Professor Raymond J. Adamek (Department of Sociology, Kent State University) has done the pro-life movement a great service in his study "Abortion Polls 1965-1998: Designed to Measure or to Mold Public Opinion?"
His analysis of major opinion polls on the abortion question during that time frame reveals that, given the way the questions are asked, what is being measured is not the public's opinion about the current abortion laws and practice. What is being measured is their opinion about imaginary abortion laws and practice. This is simply because so many of the questions misrepresent the facts.
Professor Adamek explains, "On 85 occasions from 1973 to 1998, 8 major pollsters described Roe v. Wade as permitting abortion during 'the first three months of pregnancy.'…[T]his description is incomplete and misleading, since it gives the uninformed respondent the impression that the Court did not legalize abortion beyond the first trimester, and focuses the attention of the informed respondent on only part of the decision."
A reading of Roe and subsequent abortion decisions, a study of the legislation and Court battles on partial-birth abortion, or a journey through the "A" section of the Yellow Pages of a major city is enough to dispel any doubts that abortion is legal throughout pregnancy. So why can't a poll that wants to measure what people think about that policy ask people what they think about that policy, instead of what they think about some different policy?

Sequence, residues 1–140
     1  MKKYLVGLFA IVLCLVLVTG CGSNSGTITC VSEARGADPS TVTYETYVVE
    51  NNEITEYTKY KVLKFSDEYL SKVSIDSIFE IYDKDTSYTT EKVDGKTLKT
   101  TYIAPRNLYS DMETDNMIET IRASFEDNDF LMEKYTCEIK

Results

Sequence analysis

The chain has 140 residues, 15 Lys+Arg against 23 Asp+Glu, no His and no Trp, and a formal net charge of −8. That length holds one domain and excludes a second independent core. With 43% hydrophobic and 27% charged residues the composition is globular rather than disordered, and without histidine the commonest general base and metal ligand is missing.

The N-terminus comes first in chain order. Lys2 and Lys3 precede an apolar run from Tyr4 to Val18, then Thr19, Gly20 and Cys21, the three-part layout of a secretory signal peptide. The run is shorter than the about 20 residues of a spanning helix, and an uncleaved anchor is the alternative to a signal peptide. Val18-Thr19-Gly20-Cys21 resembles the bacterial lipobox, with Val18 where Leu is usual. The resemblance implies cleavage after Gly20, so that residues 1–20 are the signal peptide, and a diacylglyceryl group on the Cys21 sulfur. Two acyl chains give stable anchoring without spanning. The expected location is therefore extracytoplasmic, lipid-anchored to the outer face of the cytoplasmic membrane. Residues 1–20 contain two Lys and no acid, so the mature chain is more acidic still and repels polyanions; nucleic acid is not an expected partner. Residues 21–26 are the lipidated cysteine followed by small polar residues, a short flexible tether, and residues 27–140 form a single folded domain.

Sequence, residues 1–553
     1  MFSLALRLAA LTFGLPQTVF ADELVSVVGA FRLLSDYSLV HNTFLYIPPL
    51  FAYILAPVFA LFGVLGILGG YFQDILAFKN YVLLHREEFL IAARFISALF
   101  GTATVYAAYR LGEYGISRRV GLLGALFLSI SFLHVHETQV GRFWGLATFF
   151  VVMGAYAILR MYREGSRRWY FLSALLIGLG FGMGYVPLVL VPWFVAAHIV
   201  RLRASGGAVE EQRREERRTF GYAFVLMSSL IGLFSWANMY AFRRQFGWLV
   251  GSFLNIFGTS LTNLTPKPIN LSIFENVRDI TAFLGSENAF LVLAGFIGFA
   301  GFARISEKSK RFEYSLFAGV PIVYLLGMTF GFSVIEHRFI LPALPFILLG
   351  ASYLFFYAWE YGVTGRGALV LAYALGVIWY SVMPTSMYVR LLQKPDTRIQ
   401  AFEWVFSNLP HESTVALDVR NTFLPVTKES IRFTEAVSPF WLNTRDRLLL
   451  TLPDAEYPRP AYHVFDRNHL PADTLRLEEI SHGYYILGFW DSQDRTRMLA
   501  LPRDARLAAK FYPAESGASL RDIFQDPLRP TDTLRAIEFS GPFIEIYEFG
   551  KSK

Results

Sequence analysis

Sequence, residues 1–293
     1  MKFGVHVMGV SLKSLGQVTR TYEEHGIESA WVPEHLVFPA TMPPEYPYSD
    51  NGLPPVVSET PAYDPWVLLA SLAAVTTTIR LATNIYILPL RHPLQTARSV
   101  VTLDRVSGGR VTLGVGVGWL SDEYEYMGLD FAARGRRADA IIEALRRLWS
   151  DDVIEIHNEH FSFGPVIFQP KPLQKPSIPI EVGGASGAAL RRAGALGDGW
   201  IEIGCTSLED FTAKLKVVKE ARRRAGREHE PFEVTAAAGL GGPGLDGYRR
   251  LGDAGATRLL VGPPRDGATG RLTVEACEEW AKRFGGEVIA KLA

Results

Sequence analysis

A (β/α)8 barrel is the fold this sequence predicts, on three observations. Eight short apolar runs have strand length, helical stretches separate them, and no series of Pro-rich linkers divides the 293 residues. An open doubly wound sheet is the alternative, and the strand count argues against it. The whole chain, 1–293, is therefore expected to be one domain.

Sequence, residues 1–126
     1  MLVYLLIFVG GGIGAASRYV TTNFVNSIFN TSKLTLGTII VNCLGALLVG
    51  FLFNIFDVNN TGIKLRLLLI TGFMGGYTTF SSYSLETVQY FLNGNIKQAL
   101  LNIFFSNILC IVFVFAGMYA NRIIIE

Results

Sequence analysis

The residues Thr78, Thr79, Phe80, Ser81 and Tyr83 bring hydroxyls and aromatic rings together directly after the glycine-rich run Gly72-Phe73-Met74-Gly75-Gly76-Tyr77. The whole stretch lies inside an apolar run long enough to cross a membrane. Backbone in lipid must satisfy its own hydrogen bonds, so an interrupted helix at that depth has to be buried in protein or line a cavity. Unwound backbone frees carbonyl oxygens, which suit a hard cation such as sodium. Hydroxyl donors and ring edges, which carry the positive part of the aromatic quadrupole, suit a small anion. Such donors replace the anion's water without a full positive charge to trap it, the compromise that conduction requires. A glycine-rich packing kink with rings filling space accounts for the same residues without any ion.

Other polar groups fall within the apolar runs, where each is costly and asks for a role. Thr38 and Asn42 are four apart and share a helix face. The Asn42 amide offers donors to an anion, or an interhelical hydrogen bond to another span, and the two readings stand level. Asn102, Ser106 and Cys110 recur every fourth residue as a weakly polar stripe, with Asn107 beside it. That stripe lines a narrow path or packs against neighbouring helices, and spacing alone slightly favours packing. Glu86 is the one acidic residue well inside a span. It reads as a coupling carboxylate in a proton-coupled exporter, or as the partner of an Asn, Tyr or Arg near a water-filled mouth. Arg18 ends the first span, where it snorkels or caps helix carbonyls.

The conclusion: You simply can't believe a poll that tells you that most Americans agree with "Roe vs. Wade." They still don't know what the decision said, and it is most likely that the pollster hasn't helped them find out.
Another imbalance in abortion poll questions is the way they speak about "rights." Professor Adamek explains that he analyzed "all questions from 1965 through 1998 that explicitly mentioned the woman or the unborn and the word 'right(s)'….An illustrative 'woman's right' question is: Do you favor or oppose the Supreme Court ruling that women have the right to have an abortion during the first three months of their pregnancy? (Yankelovich Clancy Shulman 4/5/89). We found 66 items asking about the woman's right to (choose) abortion but none asking exclusively about the unborn's right to life! By asking questions about only one side of the rights issue, polls yield an incomplete and skewed picture of public opinion."
A third problem area is the fact that 65% of questions referred to the abortion-making decision as one in which the doctor was involved. Yet in reality, fewer than 25% of women, if that many, bring the doctor into the decision making process at all. Now since the majority of Americans approve medical necessity as a justification for abortion, mentioning the doctor in the question increases the "pro-choice" responses. Questions which specify the actual reasons for which abortions occur would yield a better measure of what people think about abortion practice in America.
Good practical advice, therefore: Don't just look at a poll's results; look at its questions.